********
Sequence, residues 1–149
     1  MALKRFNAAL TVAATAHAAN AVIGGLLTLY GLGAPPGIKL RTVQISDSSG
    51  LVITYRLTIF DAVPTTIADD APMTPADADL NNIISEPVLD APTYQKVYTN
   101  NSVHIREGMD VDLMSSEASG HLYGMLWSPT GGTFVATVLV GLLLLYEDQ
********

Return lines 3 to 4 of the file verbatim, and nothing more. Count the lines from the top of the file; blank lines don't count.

    51  LVITYRLTIF DAVPTTIADD APMTPADADL NNIISEPVLD APTYQKVYTN
   101  NSVHIREGMD VDLMSSEASG HLYGMLWSPT GGTFVATVLV GLLLLYEDQ